Thursday, August 19, 2010

Federal appeals court agree with American Atheists Inc.

In Utah, there are 13 crosses along the roadside in various parts of the state that are memorials to officers of the Utah Highway Patrol who died in the line of duty at the spot where the memorials are located. Each cross is white, 12 feet tall with a picture and short biography of the fallen officer, and the insignia of the Utah Highway Patrol. The presence of these crosses drew the ire of a Texas Atheist group that sued to have them removed from pubic property. It isn't that the alleged offending memorials are anywhere in Texas. They obviously went out of their way to target Utah. A federal judge properly threw the case out of court, but a few days ago, the 10th District Federal Appeals Court reversed the ruling and sided with the Atheists.

In a 35-page ruling, the court said, “We hold that these memorials have the impermissible effect of conveying to the reasonable observer the message that the state prefers or otherwise endorses a certain religion. They therefore violate the establishment clause of the federal constitution.”

The notion that there is such a thing as separation of church and state in the constitution is nonsense and the notion that a cross on the side of the road erected by a group of private citizens at their own expense means that the federal government is establishing a religion is patent twaddle. Only a liberal activist judge or group of liberal activist judges could put forth such an idiotic ruling with straight faces. I don’t believe that they even believe what they have written. The ruling goes on to say, “We conclude that the cross memorials would convey to a reasonable observer that the state of Utah is endorsing Christianity,” they said. “The memorials use the preeminent symbol of Christianity.” Well, what do you know, does it take a cross on the highway to make one think that the state of Utah, the home of the Church of Latter Day Saints (Mormons) endorses Christianity? When I think of Utah, I think of Mormons and did so long before this imbecilic court decision. When I see a cross on the side of the road, I immediately know what someone has died there. It never enters my mind that the government is announcing a national religion.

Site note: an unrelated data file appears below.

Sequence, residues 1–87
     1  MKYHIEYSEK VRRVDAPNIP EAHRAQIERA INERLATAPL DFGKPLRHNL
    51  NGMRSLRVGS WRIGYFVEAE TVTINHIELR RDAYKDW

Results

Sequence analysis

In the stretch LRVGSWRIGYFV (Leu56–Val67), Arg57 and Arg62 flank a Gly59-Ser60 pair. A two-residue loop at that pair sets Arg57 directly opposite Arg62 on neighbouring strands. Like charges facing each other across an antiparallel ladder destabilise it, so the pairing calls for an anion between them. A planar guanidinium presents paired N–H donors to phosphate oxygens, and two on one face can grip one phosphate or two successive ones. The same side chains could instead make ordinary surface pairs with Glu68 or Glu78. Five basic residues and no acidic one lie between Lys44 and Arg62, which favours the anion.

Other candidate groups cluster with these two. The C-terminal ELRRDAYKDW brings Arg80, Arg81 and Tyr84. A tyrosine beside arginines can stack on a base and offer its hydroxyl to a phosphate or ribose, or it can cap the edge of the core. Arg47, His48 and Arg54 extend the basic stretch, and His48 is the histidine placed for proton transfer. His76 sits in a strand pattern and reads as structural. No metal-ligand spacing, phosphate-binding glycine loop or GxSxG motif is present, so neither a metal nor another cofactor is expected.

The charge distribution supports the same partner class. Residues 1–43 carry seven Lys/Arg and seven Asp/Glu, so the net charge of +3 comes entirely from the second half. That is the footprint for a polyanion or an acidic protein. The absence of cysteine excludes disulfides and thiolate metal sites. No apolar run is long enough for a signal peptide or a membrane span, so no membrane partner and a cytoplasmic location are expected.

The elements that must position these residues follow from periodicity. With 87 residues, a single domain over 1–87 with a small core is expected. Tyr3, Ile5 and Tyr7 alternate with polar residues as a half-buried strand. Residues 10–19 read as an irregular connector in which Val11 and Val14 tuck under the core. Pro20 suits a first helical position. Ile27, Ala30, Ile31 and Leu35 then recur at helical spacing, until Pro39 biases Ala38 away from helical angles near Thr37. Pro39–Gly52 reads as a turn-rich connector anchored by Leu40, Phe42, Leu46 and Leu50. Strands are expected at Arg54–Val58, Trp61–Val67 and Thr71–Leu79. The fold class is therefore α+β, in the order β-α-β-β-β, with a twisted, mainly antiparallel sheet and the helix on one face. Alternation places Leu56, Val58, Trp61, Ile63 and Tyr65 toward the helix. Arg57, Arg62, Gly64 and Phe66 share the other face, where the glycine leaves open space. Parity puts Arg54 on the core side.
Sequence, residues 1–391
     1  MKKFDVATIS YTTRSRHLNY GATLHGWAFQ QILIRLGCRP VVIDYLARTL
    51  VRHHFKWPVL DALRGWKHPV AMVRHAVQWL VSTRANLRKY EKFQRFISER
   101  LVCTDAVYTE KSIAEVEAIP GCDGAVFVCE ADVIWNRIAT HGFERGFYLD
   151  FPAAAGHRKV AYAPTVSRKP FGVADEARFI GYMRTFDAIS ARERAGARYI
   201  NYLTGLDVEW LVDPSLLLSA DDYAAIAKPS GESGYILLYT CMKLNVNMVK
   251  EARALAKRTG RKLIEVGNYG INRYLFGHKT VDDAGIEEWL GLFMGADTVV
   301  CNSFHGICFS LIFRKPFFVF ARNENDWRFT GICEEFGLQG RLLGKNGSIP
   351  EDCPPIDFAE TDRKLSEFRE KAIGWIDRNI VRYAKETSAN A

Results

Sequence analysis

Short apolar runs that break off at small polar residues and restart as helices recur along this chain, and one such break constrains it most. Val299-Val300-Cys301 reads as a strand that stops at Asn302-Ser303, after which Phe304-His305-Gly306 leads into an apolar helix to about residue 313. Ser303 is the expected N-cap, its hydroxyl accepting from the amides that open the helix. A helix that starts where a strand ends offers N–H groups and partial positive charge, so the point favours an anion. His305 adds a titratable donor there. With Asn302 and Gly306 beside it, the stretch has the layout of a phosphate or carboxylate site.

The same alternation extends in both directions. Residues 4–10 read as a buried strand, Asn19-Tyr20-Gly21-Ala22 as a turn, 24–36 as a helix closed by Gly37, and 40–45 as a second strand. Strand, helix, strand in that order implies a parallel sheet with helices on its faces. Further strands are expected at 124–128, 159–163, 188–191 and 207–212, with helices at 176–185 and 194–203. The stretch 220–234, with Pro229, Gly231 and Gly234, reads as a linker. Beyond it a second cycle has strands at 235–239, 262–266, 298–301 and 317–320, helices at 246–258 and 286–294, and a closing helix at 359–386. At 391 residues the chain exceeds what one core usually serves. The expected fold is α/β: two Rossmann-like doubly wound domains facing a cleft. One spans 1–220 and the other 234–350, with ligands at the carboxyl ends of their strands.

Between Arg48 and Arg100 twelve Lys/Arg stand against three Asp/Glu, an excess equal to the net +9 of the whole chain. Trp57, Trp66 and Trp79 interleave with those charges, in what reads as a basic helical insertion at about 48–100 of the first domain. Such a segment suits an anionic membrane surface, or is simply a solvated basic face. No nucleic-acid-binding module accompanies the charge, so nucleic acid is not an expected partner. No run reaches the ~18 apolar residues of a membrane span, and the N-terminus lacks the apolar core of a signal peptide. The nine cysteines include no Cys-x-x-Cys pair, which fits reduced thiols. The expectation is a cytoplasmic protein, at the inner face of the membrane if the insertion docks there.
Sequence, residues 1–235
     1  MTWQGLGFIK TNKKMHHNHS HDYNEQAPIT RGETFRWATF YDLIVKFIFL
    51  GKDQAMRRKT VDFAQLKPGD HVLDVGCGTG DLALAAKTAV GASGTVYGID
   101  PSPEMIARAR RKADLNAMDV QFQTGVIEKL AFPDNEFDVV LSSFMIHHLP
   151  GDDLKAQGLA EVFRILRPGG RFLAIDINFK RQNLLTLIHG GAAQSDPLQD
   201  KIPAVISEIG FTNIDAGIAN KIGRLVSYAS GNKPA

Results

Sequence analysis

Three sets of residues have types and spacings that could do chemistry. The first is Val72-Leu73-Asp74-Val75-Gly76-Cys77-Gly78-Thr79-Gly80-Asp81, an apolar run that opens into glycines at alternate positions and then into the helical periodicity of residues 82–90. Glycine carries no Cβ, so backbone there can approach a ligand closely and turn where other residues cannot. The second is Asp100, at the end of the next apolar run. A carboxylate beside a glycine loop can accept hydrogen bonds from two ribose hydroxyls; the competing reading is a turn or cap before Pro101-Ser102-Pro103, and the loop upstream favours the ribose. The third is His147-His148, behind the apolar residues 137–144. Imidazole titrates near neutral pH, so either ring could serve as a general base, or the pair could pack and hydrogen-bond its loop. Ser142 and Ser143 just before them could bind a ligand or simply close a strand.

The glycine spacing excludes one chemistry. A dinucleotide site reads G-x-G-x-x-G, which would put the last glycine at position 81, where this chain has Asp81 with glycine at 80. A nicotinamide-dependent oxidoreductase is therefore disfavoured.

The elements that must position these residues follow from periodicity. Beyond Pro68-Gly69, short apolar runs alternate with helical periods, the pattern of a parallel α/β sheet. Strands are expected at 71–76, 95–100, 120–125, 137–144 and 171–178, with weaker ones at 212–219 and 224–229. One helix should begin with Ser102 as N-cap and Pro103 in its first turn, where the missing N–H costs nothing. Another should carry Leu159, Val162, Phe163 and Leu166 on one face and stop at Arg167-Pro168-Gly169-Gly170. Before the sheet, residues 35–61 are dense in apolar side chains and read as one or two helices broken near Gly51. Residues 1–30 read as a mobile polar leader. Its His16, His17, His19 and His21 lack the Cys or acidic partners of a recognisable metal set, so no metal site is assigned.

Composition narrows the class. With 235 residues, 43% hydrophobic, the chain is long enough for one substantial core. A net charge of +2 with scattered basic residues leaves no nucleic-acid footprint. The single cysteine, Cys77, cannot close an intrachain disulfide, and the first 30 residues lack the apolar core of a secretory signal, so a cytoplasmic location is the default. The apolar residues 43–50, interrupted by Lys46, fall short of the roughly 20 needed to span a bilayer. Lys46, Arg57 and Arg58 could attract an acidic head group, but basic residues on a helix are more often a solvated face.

Now that I've made it clear what I think about this federal appeals court, it’s time to talk about atheists in general and American Atheists Inc. in particular.

There are atheists everywhere and there are probably more of them about than one might expect. However, most of those who eschew religion keep it to themselves. That’s their business and none of mine. On the other hand, organized groups of atheists who stick their noses into the religion and religious practices of the majority of Americans are people with too much time on their hands that need to mind their own business.

The American Atheists Inc. is the Texas based outfit founded by Madalyn Murray O’Hair, a Maryland transplant who was responsible for the ban on school prayer by the Supreme Court. She was eventually murdered and dismembered, along with her son and his girlfriend by a thieving employee of her organization. She proudly wore the title of "The most hated woman in the United States. The followers of Miz O’Hair exist for the purpose of antagonizing religious people and preventing them from exercising the practice of their religion in public—using the federal courts in the name of the First Amendment to go around the First Amendment. This outfit has a website, blogs, a Facebook page and other modern communications means of spreading the word. Their website has on online store where a disbeliever can buy trinkets. They are selling memberships for $20/yr, or $1200 for a life membership, which includes a life member pin and your name in the magazine. With all their evangelistic proselytizing, one might get the idea that atheism, like the groups
they furiously attack, is itself a religion.

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